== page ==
The generation of PGCCs in colon cancer cells is associated with resistance to 5-fluorouracil and oxaliplatin
Compared to more normoxic tumors, tumors with a higher hypoxic fraction are more resistant to radiotherapy and chemotherapy . Also, both PGCCs  as CSCs  have been associated with resistance to chemotherapy. Therefore we next decided to analyze in colon cancer cell cultures enriched in PGCCs the antiproliferative activity of 5-fluorouracil and oxaliplatin, two commonly used drugs in the chemotherapy of colorectal cancer. As shown in Figure 8, those cell cultures that had been enriched in PGCCs by treatment with CoCl2, showed an increased resistance to the antiproliferative effect of both drugs.
Both HCT-116 and Caco-2 cells were preincubated for 48 hours in the presence or absence of CoCl2 for PGCC enrichment and then they were exposed for 72 h to different doses of 5-fluorouracil (A) or oxaliplatin (B). Cell proliferation is shown as percentage of control cells unexposed to chemotherapeutic drugs. The data represent the mean ± SD of three independent experiments (* p<0.05, compared to cells without CoCl2 treatment).
Hypoxia in tumors has long been associated with increased tumor aggressiveness, worse prognosis and greater resistance to radiotherapy and chemotherapy . In this study we demonstrated that mimicking hypoxia in vitro by using CoCl2, which stabilizes HIF-1α protein by inhibiting its degradation, is capable of generating PGCCs in colon cancer cell culture. PGCCs induced by treatment with CoCl2 are stable and possessed distinctive morphology but their generation under physiological in vivo hypoxic conditions remains to be determined. In our experiments, the morphology of PGCCs induced by hypoxia varied between HCT-116 and Caco-2 cells (Figure 1). This dependence on cell line coincides with the study of Zhang et al  where PGCCs derived tumor cell lines HEY (ovarian) and MDA -MB-231 (breast) had a neuronal-like morphology, whereas PGGCs derived from SKOV3 cells (ovary), showed a rounded morphology without cytoplasmic extensions or branches. In our study, the morphology of the PGCCs derived from HCT-116 cells coincides with those from HEY and MDA -MB-231 cells, while those generated in Caco- 2 were more similar to those described for SKOV3 cells. It should be emphasized that HEY, MDA -MB- 231 and HCT-116 are markedly invasive cell lines, being representative of the epithelial mesenchymal transition (EMT) process which suffer some subpopulations of tumor cells . Therefore, or results suggest that the genetic program that controls EMT in tumor cells also might be an important factor in the generation of PGCCs with higher capacity of infiltration and spreading.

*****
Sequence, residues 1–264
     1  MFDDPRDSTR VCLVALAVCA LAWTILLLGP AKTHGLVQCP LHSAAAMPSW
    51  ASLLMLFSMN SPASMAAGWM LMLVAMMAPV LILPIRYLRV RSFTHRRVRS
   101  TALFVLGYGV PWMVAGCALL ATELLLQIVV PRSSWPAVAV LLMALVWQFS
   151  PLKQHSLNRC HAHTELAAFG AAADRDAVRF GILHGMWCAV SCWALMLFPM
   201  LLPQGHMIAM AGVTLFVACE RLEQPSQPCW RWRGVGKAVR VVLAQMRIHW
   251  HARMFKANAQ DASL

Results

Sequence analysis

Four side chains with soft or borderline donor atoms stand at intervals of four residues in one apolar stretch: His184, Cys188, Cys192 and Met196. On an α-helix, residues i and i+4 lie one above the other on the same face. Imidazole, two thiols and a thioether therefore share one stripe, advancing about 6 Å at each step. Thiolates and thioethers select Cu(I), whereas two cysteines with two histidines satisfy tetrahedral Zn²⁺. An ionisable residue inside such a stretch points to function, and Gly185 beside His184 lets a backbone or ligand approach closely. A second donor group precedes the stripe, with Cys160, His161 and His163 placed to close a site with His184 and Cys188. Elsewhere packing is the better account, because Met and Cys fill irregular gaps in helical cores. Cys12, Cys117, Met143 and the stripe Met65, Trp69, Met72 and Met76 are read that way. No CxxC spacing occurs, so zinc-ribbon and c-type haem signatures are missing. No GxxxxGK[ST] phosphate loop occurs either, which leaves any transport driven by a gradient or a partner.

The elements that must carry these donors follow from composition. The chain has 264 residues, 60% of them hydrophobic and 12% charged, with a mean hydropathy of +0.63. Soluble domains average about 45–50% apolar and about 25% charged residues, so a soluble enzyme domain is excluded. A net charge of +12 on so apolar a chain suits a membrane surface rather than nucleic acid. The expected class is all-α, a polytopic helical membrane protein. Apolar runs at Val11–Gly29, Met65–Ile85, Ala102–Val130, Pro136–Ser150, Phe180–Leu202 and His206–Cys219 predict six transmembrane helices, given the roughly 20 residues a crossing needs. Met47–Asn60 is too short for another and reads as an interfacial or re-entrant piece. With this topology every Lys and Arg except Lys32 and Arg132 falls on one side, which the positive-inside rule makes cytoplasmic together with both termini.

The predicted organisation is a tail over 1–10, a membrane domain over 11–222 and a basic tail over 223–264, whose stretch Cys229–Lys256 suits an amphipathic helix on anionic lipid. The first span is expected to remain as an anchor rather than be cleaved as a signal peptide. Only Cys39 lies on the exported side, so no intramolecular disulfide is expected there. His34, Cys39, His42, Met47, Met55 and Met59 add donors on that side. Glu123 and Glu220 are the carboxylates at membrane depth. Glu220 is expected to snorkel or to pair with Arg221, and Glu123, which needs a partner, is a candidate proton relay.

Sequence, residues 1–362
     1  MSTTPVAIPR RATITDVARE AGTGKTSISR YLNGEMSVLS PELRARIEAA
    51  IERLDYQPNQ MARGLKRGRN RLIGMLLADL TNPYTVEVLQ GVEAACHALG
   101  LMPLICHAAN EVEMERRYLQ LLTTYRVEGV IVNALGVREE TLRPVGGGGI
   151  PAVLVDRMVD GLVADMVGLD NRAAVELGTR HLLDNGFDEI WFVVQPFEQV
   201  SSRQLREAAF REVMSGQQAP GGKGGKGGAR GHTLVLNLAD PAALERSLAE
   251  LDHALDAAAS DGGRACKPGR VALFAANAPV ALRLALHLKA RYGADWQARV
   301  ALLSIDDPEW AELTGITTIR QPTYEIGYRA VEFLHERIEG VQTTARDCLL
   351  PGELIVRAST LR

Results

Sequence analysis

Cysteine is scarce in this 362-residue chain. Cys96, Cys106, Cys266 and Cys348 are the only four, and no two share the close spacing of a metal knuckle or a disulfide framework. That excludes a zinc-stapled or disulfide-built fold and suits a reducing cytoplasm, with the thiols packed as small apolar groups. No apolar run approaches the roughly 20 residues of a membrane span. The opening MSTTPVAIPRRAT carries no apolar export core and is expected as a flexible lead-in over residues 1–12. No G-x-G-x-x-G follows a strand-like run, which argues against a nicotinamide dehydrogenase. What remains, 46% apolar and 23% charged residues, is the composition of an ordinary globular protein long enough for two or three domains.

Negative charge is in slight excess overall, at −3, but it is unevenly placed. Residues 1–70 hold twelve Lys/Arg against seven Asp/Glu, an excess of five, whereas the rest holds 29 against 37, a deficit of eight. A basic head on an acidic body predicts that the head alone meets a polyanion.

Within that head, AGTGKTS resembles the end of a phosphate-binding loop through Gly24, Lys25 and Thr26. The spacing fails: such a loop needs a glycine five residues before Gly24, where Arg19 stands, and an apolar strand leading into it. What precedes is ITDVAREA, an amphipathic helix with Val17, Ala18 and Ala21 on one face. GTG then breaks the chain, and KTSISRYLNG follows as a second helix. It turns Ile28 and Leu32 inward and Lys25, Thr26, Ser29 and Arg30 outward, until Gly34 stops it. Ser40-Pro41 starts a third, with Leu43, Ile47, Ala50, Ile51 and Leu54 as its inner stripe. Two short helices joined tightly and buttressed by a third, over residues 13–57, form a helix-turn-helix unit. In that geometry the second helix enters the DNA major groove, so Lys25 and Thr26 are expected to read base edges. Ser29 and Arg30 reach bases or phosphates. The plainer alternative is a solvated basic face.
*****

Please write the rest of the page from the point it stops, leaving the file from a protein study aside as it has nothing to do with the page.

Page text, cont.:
Our results also indicated that the formation of PGCCs in colon cancer cells is associated with changes in cell cycle and subsequent polyploidy (Figures 2 and 3). Unicellular prokaryotic and eukaryotic cells divide by amitotic processes. In complex eukaryotic cells, although mitosis prevails, well-documented changes in the mitotic cell cycle occurs to achieve cell growth and development under stressful circumstances. Among these variations is the endoreplication process, a variation of normal mitotic cell cycle which involves multiple rounds of DNA replication without the participation of the step of mitosis . Tumor giant cells observed by pathologists have traditionally been considered as inert from the point of view of tumor repopulation. However, new data indicate that these cells are capable of generating clonogenic progeny by asymmetric division and budding . Thus, a process has been described in which cells escape mitotic catastrophe-induced cell death by becoming PGCCs that, before they die, give rise to several cells via nuclear budding and asymmetric cytokinesis. This mode of cell division in cancer has been termed neosis, and has been related to the origin of cancer stem cells , . Furthermore, it has been shown in some tumors that these PGCCs retain reproductive potential participating in the development of chemo- and radio-resistance , . In this regard, DNA endoreduplication and reversible polyploidy generating clonogenic escape cells has been identified as a mechanism which can account for tumor relapse after initial efficient chemotherapy .